- Hearing to determine whether John Hinckley Jr.'s status enters its 10th day
- Plan to let Hinckley spend time with his mother "lacks specificity," psychiatrist testifies
- Attorney rebuts testimony on client's symptoms, notes he hasn't been violent
- Hinckley wounded 4 people, including President Reagan, in 1981 assassination attempt
A plan to allow presidential assailant John Hinckley Jr. to spend more time away from his government mental hospital and eventually to become a permanent outpatient "lacks specificity," a psychiatrist who has closely followed Hinckley's case for over a decade said Tuesday.
Testifying on the 10th day of a federal court hearing over Hinckley's status, Dr. Robert Phillips said, "We are talking about putting someone in a community for extended time who has been institutionalized for 30 years for trying to assassinate the president."
He said the proposal by St. Elizabeths hospital to let Hinckley spend much more time visiting his mother at her home in Williamsburg, Virginia, "is not good enough" because it lacks firm details about what kind of therapy sessions, group sessions and art and music classes Hinckley could attend in Williamsburg.
Phillips said the Virginia mental facility that agreed to provide outpatient programs for Hinckley has not received records from St Elizabeths about Hinckley's condition it needs in order to construct a program for him.
Hinckley, 56, was found not guilty by reason of insanity in the 1981 shootings of President Ronald Reagan, press secretary James Brady, Secret Service Agent Timothy McCarthy and D.C. Police Officer Thomas Delahanty. The four men survived the attack, but Brady was shot in the head and left permanently disabled, and Delahanty's wound forced him to retire shortly afterward.
The psychiatrist, who is acting as an expert medical witness for the government, testified for the second day on Tuesday in proceedings on Hinckley's future freedoms.
Hinckley currently spends 10 days a month visiting his mother in Virginia. Officials at St. Elizabeths want to increase that to two visits of 17 days to be followed by six visits of 24 days. St. Elizabeths is seeking authority to then decide whether Hinckley can be released as a permanent outpatient.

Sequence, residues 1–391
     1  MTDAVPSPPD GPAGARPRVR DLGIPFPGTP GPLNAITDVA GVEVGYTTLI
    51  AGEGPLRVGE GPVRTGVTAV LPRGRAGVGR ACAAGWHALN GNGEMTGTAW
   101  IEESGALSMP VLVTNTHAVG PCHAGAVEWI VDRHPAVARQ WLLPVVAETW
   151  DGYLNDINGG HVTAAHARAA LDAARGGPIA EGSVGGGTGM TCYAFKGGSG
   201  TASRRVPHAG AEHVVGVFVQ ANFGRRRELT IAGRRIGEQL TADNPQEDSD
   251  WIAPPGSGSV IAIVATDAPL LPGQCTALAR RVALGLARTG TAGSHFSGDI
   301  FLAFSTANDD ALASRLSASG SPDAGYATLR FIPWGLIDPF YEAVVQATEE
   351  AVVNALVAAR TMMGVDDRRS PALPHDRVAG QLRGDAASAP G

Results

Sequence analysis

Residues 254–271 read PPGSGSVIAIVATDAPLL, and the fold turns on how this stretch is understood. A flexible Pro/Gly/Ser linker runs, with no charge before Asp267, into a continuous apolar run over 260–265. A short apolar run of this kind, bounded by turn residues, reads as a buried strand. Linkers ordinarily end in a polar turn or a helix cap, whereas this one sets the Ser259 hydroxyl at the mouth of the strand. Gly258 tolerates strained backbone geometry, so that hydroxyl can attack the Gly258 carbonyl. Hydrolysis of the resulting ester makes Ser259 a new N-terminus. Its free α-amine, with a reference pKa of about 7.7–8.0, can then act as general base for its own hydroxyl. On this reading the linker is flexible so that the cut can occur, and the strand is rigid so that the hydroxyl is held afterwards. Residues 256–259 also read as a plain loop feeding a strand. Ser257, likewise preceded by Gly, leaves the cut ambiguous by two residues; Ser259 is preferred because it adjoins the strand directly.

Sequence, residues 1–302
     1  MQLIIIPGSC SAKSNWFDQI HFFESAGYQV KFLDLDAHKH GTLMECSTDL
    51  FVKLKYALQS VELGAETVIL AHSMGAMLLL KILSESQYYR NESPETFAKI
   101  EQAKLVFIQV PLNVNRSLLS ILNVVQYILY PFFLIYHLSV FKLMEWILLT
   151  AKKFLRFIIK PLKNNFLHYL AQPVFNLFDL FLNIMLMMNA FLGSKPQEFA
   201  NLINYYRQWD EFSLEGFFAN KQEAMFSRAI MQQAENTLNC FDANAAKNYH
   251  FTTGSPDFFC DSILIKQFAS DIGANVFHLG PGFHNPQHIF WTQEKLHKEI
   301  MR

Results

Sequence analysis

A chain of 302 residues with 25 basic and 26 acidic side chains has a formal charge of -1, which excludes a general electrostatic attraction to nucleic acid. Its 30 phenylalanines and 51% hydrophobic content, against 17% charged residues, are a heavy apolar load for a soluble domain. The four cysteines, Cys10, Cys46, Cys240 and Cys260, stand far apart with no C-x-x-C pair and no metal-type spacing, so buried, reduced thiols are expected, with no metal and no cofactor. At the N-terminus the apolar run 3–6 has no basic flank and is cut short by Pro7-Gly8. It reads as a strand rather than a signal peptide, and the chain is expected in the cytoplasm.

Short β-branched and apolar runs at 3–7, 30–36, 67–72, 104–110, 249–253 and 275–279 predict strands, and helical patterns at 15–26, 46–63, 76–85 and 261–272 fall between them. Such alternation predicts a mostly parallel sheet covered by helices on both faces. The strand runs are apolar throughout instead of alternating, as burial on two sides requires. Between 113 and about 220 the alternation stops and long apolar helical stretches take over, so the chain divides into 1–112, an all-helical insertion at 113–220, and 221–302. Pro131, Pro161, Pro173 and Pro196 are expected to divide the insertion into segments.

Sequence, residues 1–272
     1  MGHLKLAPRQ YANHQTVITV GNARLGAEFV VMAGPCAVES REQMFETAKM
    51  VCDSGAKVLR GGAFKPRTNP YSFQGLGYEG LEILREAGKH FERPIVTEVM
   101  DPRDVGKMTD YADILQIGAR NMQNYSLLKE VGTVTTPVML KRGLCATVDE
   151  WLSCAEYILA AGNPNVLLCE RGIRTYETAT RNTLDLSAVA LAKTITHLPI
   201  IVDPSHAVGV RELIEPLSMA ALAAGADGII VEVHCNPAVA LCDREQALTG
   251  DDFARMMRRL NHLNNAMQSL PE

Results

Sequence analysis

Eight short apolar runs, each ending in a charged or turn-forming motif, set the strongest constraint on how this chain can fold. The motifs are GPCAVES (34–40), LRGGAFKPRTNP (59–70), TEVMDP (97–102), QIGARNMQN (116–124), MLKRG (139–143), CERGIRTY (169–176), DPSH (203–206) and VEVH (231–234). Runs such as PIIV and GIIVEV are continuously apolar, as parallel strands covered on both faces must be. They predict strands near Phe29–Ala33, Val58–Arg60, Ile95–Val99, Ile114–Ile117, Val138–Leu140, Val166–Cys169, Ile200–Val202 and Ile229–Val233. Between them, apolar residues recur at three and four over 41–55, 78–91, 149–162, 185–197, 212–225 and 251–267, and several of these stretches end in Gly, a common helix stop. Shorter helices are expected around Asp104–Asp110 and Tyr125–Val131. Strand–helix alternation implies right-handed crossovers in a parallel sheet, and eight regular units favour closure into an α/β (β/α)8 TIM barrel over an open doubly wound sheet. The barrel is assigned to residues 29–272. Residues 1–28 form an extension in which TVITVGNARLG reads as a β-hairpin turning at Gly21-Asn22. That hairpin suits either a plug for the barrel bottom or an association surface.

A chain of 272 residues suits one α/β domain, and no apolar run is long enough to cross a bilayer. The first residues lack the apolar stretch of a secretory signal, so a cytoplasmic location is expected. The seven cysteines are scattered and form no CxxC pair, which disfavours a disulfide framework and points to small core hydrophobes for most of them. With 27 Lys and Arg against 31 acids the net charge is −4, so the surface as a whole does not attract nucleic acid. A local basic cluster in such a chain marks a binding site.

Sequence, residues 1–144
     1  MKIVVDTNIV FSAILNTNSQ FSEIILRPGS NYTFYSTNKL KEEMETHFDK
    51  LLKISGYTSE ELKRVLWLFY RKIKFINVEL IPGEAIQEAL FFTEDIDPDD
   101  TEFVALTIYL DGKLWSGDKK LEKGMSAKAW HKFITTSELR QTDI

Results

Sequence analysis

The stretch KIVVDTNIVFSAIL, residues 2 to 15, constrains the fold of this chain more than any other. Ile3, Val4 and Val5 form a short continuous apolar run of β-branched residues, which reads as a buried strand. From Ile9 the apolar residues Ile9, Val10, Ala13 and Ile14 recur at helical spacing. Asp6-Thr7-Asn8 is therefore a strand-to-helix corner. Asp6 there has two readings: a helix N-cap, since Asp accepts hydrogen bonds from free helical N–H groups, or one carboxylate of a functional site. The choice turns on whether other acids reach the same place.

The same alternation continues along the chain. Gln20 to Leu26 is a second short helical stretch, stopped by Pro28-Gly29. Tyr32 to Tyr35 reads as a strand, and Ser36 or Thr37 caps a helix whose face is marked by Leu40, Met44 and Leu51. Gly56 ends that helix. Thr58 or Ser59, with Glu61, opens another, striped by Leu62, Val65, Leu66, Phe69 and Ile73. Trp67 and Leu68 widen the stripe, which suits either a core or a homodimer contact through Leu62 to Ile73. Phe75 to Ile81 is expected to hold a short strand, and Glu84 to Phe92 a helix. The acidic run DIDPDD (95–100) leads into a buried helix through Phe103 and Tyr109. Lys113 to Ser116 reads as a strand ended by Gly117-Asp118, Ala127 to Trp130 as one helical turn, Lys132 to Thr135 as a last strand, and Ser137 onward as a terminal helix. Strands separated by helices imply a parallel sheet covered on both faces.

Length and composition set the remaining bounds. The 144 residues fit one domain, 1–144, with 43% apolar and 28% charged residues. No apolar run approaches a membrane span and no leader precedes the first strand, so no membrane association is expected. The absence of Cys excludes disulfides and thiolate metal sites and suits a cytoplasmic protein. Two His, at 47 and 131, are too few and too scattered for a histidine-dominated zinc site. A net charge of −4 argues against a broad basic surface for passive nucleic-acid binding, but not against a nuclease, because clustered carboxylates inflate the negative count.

During the 10 days of hearings, various experts have said Hinckley's most severe illnesses -- major depressive disorder and an unspecified psychotic disorder -- are in full remission. However, Phillips said he does not agree Hinckley's depression is in full remission and says he displays some symptoms, including sullen behavior and weight gain. Phillips said this alone doesn't mean Hinckley shouldn't spend more time in Williamsburg, but he said Hinckley's doctors and case manager need to pay close attention to the problem.
Witnesses have testified Hinckley has been taking Zoloft for several years after complaining of anxiety. Phillips said he thinks the drug is also meant to help with depression.
Hinckley's defense attorney, Barry Levine, took issue with Phillips. Levine ticked off a list of symptoms for major depressive disorder from a psychiatry publication that said a patient would need to have five of those symptoms to be suffering from the disorder. Phillips acknowledged that Hinckley does not appear to have five of the symptoms but persisted in his view that Hinckley is experiencing some level of depression.
Levine noted all of the concerns raised by Phillips -- including Hinckley's relationships with women, the fact that he is sometimes deceptive and his social isolation -- and said that despite those issues, Hinckley had not engaged in violent behavior. Phillips agreed.
Phillips said he did not think St. Elizabeths should be given authority to decide if and when Hinckley is permanently released from the hospital. U.S. District Court Judge Paul Friedman indicated in December that he thinks that decision should rest with him.
The hearing will resume next week. Hinckley has the right to testify, but his lawyer said he does not expect to call him.